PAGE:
Value of l | 0 | 1 | 2 | 3 | 4 | ... |
---|---|---|---|---|---|---|
Label | s | p | d | f | g | ... |
After l = 3 the labels proceed alphabetically (omitting j), but subshells with such high values of l are not important for most chemistry.
Magnetic quantum number: \(m_l\).
This determines orientation of the probability distribution in three-dimensional space. Allowed values are
\[m_l = -l, (-l + 1), \ldots , 0, \ldots, (l - 1), +l \nonumber \]
The magnetic quantum number is related to concept of orbitals.
The wave functions associated with a given set of n, l, and m_{l} values are used to define orbitals. Orbitals that have the same value of n are said to be in the same shell. Orbitals in the same shell that also have the same value of l are said to be in the same subshell. The shell and subshell are designated with a spectroscopic notation that indicates the value of n and the letter label for the value of l. The relationships among the values of the three quantum numbers n, l, and m_{l}, the subshell spectroscopic notation, and the numbers of subshells and orbitals in a shell is shown below for the first four shells.
n | l | Subshell Notation | Allowed m_{l} values | Orbitals in Subshell |
---|---|---|---|---|
1 | 0 | 1s | 0 | 1 |
2 | 0 | 2s | 0 | 1 |
1 | 2p | -1, 0, +1 | 3 | |
3 | 0 | 3s | 0 | 1 |
1 | 3p | -1, 0, +1 | 3 | |
2 | 3d | -2, -1, 0, +1, +2 | 5 | |
4 | 0 | 4s | 0 | 1 |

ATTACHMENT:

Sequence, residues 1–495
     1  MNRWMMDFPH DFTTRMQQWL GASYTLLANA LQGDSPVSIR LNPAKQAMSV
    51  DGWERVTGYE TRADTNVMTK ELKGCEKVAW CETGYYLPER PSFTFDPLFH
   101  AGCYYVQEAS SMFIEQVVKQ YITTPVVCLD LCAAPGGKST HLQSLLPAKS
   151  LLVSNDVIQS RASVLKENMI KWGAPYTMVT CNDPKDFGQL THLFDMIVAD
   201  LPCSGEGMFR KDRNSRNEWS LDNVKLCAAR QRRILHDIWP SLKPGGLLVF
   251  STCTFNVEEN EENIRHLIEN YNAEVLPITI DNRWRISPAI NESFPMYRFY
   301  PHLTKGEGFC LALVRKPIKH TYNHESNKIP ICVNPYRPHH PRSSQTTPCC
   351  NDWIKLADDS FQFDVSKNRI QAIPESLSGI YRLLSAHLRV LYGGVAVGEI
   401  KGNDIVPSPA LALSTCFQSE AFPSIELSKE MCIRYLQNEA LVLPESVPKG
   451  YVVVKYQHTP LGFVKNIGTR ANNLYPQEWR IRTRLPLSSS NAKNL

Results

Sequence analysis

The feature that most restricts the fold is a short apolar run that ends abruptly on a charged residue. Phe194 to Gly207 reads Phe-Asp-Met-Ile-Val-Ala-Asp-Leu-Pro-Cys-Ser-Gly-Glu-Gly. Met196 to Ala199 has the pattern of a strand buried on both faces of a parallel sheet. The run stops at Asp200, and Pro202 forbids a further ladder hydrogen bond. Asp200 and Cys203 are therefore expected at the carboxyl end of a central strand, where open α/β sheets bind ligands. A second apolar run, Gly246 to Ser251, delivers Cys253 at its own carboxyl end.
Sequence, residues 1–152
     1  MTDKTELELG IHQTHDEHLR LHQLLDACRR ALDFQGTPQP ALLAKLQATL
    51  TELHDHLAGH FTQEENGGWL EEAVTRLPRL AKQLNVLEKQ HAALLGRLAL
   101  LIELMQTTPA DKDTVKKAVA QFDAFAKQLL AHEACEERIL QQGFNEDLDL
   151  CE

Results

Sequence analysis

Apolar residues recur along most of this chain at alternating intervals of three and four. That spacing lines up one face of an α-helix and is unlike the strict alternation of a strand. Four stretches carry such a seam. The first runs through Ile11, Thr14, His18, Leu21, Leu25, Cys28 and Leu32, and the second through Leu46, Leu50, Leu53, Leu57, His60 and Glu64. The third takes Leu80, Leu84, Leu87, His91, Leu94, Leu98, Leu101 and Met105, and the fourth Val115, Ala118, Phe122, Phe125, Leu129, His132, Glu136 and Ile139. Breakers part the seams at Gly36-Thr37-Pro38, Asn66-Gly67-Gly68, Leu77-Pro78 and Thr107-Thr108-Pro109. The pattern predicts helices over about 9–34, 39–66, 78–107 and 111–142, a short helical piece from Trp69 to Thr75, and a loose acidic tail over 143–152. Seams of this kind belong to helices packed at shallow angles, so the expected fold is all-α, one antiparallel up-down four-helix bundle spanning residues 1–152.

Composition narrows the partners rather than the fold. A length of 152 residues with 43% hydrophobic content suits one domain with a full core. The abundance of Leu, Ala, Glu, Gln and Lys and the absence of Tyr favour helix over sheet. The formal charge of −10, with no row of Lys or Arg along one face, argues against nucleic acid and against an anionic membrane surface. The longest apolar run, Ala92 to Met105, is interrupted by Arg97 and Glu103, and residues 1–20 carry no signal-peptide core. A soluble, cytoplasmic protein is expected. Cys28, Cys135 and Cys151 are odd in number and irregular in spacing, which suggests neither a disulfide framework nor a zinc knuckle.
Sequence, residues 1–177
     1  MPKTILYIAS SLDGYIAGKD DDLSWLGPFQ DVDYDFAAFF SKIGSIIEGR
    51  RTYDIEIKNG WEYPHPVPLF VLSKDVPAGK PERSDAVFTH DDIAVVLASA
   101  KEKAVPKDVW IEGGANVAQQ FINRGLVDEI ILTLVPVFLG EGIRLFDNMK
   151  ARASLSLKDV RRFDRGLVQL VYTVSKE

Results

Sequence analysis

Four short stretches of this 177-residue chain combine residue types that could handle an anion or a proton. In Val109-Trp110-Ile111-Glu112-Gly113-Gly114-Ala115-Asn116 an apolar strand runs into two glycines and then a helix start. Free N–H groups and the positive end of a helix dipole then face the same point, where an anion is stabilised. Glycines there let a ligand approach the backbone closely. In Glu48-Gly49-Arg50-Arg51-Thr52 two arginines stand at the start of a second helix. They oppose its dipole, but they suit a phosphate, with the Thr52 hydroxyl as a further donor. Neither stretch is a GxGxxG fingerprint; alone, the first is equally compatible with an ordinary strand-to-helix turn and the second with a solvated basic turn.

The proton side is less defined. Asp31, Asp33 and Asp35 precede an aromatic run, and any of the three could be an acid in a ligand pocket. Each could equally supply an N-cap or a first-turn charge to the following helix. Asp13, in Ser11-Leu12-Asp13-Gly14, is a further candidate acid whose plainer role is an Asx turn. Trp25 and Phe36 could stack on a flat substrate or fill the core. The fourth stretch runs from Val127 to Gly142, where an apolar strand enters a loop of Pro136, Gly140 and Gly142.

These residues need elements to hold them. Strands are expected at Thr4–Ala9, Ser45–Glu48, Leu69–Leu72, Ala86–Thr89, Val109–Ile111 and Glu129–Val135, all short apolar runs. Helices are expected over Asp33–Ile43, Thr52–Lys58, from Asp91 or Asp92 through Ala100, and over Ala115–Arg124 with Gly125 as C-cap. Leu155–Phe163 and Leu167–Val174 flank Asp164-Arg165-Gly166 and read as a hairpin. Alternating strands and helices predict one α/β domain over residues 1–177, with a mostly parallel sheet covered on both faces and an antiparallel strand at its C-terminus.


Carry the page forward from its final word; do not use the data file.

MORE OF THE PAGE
1 | 4p | -1, 0, +1 | 3 | |
2 | 4d | -2, -1, 0, +1, +2 | 5 | |
3 | 4f | -3, -2, -1, 0, +1, +2, +3 | 7 |
For the one-electron atom, the electron's energy depends solely on the value of n. This means that in any shell, all orbitals have the same energy. This result is the same as the Bohr result, because in both models the energy equation for one-electron atoms is the same. Recall that the Bohr equation correctly predicted the energies and emission spectra for all one-electron atoms. Therefore, if the wave equation approach has validity, it too should give the same energy equation. The important difference, however, is that the Schrödinger approach can be extended to multielectron atoms, using the same fundamental considerations as the one-electron case. The Schrödinger equation for any multielectron case is much more complicated and in general cannot be solved exactly. However, it is possible to construct approximate solutions. In any multielectron atom, the energy of each electron no longer depends solely on the value of n, but rather varies in a complicated way, depending on both n and l. Nonetheless, in both one-electron and multielectron atoms, all orbitals in the same subshell have the same energy. Orbitals that have the same energy are said to be degenerate.